The mission of the Navy is to generate combat-capable, multi-purpose maritime forces that support Canada’s efforts to participate in security operations anywhere in the world. Yet it is doubtful the Navy could be capable of conducting its mission, given how it is equipped.
The navy operates 30 ships; they are 12 Halifax-class frigates, 12 Maritime Coastal Defence Vessels (MCDV), six Arctic Offshore Patrol Ships (AOPS), three are now built and there are three more to come.
Of the 30 surface combatants, 18 have no naval weapons and are certainly not combat-capable. Canada now has 12 combat-capable ships to meet its mission requirements.
As a comparison, the Chinese navy has about 500 combat-capable warships, and the U.S. navy assessed the number of combat-capable ships needed to meet its mission requirements to be 373.
Now, what is Canada’s assessment of combat ships needed?
It should be kept in mind that the mission of the Navy is to provide armed sea-borne surveillance of Canada’s coasts, and to enforce Canadian sovereignty. How can these missions be carried out with ships that are unarmed? Why is the Navy equipped with ships that could not respond to any type of military threat, or carry out force projection, since they have no armament?
The MCDVs are unarmed (except for two machine guns). They are non-war fighters and cannot be classified as warships, especially since they were built to commercial standards. They should be either transferred to other government agencies, such as fisheries, customs, Coast Guard, or simply fitted with combat systems.
It should be remembered that the ships were initially fitted with a Bofors 40-millimetre gun. The Bofors guns were refurbished Second World War models that had been previously used by the Canadian Army for air defence in Europe. They were removed in 2014. The guns were used as monuments after being removed.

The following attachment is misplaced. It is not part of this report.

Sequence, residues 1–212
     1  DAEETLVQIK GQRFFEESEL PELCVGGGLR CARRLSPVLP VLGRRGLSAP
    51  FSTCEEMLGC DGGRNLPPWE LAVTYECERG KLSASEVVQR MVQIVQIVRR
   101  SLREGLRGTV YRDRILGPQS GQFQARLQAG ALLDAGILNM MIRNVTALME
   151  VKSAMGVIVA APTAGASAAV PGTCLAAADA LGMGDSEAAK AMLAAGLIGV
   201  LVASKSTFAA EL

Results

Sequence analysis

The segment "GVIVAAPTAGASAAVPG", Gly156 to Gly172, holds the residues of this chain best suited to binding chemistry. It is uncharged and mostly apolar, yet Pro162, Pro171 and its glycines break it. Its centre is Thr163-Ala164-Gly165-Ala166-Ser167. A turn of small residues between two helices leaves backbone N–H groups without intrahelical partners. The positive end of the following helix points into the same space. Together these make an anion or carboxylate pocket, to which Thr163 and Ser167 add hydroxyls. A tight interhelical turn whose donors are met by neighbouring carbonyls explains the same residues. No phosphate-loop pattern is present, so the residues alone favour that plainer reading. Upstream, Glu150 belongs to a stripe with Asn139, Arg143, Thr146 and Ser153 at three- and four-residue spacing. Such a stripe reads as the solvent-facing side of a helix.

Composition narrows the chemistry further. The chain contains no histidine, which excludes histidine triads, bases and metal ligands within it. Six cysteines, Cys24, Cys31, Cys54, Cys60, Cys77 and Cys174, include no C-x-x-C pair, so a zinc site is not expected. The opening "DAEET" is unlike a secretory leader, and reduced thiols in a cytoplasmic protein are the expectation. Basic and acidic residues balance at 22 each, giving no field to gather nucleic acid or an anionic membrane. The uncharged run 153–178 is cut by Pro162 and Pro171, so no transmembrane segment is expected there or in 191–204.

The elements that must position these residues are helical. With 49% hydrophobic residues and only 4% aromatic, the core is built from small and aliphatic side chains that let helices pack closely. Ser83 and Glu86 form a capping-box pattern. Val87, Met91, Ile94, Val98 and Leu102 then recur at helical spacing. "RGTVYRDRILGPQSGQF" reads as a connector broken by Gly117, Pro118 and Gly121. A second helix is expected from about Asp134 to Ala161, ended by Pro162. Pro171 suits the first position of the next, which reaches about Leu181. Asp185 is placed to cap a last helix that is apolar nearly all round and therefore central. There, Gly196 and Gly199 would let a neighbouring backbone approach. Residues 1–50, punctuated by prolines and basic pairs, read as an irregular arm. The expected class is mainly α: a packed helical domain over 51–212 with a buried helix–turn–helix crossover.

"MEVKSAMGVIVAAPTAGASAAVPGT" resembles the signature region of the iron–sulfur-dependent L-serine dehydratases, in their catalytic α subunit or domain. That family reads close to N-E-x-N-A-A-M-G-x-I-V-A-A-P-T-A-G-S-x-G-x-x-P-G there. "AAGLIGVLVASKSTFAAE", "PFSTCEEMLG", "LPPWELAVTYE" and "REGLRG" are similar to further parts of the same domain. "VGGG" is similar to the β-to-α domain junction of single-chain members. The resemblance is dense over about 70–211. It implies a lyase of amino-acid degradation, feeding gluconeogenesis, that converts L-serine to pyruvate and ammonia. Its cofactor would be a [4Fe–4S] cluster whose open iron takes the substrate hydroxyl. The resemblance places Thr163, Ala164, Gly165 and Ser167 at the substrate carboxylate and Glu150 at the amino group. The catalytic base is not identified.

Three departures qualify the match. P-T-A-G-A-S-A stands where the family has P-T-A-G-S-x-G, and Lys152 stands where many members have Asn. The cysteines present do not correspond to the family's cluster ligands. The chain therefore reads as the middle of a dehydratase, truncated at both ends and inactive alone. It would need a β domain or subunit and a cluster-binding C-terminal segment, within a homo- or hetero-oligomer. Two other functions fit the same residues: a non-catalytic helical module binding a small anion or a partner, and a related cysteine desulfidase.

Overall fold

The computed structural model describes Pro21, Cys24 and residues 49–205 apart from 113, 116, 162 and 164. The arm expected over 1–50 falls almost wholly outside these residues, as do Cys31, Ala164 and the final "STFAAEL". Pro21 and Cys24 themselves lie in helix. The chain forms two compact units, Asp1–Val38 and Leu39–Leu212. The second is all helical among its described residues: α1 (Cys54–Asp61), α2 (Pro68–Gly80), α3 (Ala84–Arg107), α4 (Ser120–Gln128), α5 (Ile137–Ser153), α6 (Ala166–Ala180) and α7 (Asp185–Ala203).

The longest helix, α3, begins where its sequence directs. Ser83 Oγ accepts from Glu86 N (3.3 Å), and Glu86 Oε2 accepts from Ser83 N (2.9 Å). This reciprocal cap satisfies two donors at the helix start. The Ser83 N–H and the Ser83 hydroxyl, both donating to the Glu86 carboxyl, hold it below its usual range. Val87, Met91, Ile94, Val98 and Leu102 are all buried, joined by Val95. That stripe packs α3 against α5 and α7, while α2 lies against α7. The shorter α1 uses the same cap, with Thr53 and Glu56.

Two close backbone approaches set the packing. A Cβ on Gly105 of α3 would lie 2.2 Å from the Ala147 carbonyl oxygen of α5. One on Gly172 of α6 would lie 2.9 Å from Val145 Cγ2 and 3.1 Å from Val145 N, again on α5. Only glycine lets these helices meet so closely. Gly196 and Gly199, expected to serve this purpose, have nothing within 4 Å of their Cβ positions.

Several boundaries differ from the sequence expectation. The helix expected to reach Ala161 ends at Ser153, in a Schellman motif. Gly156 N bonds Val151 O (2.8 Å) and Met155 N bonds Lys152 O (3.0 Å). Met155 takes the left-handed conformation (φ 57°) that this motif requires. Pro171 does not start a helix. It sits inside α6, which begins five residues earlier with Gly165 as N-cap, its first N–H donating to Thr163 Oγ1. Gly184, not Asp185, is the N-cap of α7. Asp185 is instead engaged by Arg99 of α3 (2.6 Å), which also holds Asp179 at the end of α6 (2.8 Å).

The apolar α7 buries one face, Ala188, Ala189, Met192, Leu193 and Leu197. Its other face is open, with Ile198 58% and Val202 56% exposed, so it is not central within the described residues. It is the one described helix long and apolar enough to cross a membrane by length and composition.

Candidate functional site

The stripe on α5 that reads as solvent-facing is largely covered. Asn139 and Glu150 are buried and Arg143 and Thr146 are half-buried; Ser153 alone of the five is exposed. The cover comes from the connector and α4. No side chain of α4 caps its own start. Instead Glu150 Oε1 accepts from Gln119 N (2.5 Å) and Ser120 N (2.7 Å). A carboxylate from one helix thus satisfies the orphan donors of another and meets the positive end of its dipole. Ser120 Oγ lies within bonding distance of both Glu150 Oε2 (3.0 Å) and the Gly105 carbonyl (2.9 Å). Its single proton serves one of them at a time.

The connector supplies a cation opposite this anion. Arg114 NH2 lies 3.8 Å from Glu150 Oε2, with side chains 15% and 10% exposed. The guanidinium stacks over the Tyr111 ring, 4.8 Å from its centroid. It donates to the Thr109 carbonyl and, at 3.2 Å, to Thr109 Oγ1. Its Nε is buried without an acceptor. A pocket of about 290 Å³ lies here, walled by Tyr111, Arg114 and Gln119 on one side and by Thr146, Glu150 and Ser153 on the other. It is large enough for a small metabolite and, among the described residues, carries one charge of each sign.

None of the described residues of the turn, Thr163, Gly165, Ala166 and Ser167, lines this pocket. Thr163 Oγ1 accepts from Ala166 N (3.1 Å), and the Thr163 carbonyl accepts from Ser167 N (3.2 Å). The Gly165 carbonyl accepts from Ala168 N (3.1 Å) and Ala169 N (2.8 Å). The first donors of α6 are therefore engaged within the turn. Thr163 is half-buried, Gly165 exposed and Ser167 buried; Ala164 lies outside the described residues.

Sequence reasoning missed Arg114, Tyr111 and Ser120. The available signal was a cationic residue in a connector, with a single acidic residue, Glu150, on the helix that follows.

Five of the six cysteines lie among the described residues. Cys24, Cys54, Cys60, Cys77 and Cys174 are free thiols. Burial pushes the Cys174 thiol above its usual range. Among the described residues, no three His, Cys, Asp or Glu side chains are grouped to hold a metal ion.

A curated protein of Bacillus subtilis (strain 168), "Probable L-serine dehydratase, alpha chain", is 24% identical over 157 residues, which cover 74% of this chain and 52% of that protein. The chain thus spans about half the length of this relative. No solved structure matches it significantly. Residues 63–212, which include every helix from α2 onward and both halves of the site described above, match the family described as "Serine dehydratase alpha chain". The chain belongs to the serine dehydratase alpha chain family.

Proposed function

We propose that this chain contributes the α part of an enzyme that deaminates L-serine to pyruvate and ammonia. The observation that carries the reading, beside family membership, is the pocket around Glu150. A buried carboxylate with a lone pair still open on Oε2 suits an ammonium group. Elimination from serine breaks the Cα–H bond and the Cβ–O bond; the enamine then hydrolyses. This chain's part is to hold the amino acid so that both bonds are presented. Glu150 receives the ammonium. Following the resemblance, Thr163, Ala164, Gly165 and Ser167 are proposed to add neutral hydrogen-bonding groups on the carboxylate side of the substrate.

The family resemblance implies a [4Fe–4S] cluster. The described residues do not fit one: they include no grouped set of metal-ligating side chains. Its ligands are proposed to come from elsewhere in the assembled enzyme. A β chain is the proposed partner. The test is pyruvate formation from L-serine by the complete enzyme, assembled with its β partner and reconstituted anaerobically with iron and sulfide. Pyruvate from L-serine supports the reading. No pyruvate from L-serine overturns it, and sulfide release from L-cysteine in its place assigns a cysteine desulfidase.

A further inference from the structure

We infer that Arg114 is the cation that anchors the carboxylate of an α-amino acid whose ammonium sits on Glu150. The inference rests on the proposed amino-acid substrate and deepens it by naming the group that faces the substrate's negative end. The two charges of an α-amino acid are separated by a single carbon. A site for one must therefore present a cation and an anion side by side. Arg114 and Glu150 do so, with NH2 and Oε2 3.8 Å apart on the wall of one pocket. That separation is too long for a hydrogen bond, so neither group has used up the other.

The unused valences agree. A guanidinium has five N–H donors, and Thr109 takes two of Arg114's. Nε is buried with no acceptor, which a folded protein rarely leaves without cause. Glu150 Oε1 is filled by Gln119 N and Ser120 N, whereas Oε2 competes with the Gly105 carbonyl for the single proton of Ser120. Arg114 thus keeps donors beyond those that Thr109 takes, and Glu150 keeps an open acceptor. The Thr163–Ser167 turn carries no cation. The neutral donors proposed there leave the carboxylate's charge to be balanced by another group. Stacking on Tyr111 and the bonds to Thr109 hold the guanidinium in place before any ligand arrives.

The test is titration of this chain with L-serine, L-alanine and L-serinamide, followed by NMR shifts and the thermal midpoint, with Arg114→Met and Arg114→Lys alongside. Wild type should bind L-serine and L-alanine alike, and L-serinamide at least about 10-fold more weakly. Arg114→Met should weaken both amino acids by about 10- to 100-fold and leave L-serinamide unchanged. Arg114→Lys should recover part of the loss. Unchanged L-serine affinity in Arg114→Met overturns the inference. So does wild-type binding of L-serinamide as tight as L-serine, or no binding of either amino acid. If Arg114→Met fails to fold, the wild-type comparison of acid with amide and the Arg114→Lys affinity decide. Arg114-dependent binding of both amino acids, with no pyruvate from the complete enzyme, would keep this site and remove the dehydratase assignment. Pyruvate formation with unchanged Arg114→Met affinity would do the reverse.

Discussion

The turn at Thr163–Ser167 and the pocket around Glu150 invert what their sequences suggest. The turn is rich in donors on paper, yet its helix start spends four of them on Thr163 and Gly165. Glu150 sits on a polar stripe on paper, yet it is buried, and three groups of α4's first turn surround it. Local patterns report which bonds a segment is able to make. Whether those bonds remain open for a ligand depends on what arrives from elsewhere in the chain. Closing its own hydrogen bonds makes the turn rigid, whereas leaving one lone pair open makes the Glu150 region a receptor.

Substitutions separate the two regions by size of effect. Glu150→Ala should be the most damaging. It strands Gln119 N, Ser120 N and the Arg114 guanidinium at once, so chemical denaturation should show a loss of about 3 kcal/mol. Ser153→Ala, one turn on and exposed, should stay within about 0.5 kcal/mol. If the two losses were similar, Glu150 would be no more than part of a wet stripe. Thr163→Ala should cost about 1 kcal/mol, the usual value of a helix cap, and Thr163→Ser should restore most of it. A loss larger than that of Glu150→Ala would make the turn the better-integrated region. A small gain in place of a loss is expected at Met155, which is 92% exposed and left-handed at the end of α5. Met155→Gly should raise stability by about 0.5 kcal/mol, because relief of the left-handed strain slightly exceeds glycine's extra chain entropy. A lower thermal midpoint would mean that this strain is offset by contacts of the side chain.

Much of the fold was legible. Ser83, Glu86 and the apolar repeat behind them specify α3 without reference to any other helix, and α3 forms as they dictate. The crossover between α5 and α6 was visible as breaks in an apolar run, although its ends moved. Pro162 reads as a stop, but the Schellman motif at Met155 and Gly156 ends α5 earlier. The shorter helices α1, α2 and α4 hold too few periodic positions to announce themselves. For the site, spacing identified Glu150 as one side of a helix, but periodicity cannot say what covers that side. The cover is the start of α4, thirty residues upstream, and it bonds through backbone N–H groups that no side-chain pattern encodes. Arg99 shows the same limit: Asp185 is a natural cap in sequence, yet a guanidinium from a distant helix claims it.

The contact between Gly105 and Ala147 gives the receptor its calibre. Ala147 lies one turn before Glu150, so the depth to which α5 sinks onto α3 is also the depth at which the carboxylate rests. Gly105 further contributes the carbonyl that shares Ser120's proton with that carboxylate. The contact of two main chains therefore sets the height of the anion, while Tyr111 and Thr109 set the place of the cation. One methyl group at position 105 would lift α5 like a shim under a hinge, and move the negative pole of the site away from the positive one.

As for the AOPS, only three have so far been delivered, and they carry what is called a constabulary gun. The design for the remaining three should be modified to restore the original Norwegian naval weapon system suite, which consists of a 57mm naval gun and Simbad surface-to-air missiles.
As the Arctic sea ice continues to recede, it is opening new maritime trade routes and other economic opportunities.
The Northwest Passage is the sea route between the Atlantic and Pacific oceans through the Arctic Ocean, along the northern coast of North America via waterways through the Canadian Arctic Archipelago.
Canada has great potential for economic growth and prosperity, but other players in the world may seek to infringe on this potential, hence the possibility of conflict over competing interests. The contested sovereignty claims over the waters may complicate future shipping through the region.
Both Russia and China are preparing to exploit the region by developing and building armed icebreakers. Other countries, including the United States, are also taking steps to ensure their access to the region for various reasons such as sea routes and untapped resources.
The U.S. and others have indicated that actual warships are better suited to this frigid environment and have the needed firepower in the event of hostilities.
The 12 frigates are the only ships that can be referred to as warships. Yet Canada is a nation that has coasts on three oceans. Why do we not have a navy that can enforce Canada’s sovereignty over its territorial waters and be able to protect and defend its shores?
The 12 frigates are not enough to carry out this job, the Navy needs more capable ships, fitted with up-to-date weapon systems.
Canada should have a navy that can deliver on its primary mission requirements.
It should be remembered that in the event of naval warfare, it is the goal to destroy or disable the enemy’s vessels, and unarmed ships have never impressed an enemy.
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